My love of nice wood grips on handguns is obvious, and a couple of custom grip makers are benefitting from that preference of mine lately. Recently I “found” a piece of wood once used on the control panel of my old 31 Bertram that I thought I would like to return to use in the form of a nice set of grips for my Ruger Blackhawk. While waiting on replies from the custom guys. I got anxious and gave thought to working on a set myself. Not surprisingly, there are several videos on-line demonstrating how folks have done this, and after watching a couple, I made the decision to give it a go.
The wood in question was a piece of Lacewood salvaged from a yacht restoration scrap yard that I had cut into a 6″ circle as a base for the big marine compass that was on the old Bert when I bought it. Lacewood seems to be a very hard wood, and has what appear to be “flakes” of a lighter colored, almost iridescent nature imbedded in the grain. When handled, turning the wood for different light angles shows different patterns that are constantly changing. The main body of the wood is reddish in color, and I find it very attractive.
I used a set of grips on hand that I knew fit my Blackhawk as patterns, and first outlined the grips on the pice of wood, then cut them out with my basic jig saw and a scrolling blade.
I used a cheap sander and a Dremel tool with a sanding head to shape the grips, and tried to make them a bit better fit to my hand than the factory grips.
First I tried a boiled linseed oil finish, but I didn’t like the way it was turning out, so it was sanded back to the bare wood again, and a several coat polyurethane finish used instead.
Holes for the grip screw hardware were copied from the factory grips. as were the positioning holes on the back side of the grips. I actually placed these holes using the grip frame, but they needed some adjustment, so I drilled a much larger hole, filled it with epoxy putty, and pushed the grip onto the frame so the positioning pins marked where they wanted to be. The excess putty was sanded smooth after it dried, and the holes drilled just a bit oversize.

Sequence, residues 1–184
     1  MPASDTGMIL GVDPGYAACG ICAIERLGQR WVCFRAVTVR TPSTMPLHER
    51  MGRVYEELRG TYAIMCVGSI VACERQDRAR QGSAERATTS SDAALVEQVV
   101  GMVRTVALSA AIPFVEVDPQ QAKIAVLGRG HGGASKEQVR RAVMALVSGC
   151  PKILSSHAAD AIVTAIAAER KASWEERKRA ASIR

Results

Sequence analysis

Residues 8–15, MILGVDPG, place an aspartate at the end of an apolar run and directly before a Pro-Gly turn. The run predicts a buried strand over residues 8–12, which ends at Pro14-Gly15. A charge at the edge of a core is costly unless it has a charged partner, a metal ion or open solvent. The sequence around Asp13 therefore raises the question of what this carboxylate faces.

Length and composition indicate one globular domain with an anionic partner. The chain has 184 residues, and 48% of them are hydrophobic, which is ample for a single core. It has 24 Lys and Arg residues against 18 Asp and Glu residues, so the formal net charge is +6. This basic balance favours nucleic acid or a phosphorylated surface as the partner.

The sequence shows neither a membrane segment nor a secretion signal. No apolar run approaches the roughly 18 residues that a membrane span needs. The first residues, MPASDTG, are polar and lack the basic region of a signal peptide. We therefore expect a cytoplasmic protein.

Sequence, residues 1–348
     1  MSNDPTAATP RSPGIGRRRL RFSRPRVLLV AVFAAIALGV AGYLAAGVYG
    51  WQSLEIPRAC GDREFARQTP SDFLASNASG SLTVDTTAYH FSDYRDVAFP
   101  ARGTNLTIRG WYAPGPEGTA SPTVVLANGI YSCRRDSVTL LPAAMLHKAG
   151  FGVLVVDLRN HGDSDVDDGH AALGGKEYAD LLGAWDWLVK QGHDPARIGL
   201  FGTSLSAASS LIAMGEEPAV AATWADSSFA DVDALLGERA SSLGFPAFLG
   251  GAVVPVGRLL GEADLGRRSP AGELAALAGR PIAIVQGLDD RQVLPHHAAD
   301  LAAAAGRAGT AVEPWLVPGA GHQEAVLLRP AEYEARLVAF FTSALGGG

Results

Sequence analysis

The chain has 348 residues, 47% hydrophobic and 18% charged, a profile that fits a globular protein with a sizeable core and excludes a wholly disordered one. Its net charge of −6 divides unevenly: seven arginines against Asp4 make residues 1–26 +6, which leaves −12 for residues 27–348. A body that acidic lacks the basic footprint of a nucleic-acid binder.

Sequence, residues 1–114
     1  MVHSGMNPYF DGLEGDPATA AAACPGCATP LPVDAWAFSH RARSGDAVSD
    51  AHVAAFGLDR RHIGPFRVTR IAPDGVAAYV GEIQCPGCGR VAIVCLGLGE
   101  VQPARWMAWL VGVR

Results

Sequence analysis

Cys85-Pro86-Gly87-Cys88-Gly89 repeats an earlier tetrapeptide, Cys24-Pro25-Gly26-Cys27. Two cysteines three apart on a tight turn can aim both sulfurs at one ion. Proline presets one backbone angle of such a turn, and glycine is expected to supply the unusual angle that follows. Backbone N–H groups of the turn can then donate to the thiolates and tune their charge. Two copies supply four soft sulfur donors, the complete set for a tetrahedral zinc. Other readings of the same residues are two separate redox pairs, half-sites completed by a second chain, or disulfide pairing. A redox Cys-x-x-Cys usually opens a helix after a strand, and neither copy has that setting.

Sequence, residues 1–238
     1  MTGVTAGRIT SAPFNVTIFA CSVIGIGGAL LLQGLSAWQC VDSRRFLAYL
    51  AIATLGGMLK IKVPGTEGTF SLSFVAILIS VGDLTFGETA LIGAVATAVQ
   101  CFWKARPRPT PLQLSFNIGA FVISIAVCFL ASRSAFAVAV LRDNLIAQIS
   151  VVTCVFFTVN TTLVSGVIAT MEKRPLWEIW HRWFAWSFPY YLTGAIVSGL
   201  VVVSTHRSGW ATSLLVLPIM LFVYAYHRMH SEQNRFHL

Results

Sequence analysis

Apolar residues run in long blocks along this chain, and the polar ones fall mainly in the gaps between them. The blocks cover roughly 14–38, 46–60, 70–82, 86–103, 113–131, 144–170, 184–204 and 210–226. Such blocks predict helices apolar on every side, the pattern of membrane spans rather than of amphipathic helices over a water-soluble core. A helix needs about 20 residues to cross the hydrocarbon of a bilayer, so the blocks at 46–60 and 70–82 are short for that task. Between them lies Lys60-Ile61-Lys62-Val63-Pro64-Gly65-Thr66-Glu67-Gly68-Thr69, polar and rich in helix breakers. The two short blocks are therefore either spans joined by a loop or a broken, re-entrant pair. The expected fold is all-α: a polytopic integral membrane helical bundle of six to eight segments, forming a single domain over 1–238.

As a final step, I cut off two cartridge heads from new, unprimed .45 Colt brass and tried imbedding them in the grips, for an even more “personal” touch. This first effort was not flawless, but showed the way for a better result if I make another set like this (or decide to mark all my grips with the cartridge they will be helping to shoot).
The final product is certainly not up to custom standards, but I think they turned out fairly well for a first effort, using minimal tools and wood working skills. My suspicion is that the folks who do this for a living probably have specialized equipment I do not have access to? In any case, I learned quite a bit from the project, and if I attempt making a set of grips again (which I probably will), I would expect better fit and finish to result. Still, these would do fine for an “everyday” set of shooting grips – I’ll find out for sure about that after I get the grips screw hardware in from Brownell’s so I can shoot with them.The Lacewood almost overcomes any mistakes I made, and I think I’ll send what I have left to Carl at Privates and have him make me a “real” custom grip set!
By the way, Lacewood can usually be found at “yards” that specialize in fine and exotic woods, if you don’t have pieces of a wrecked Bertram on hand!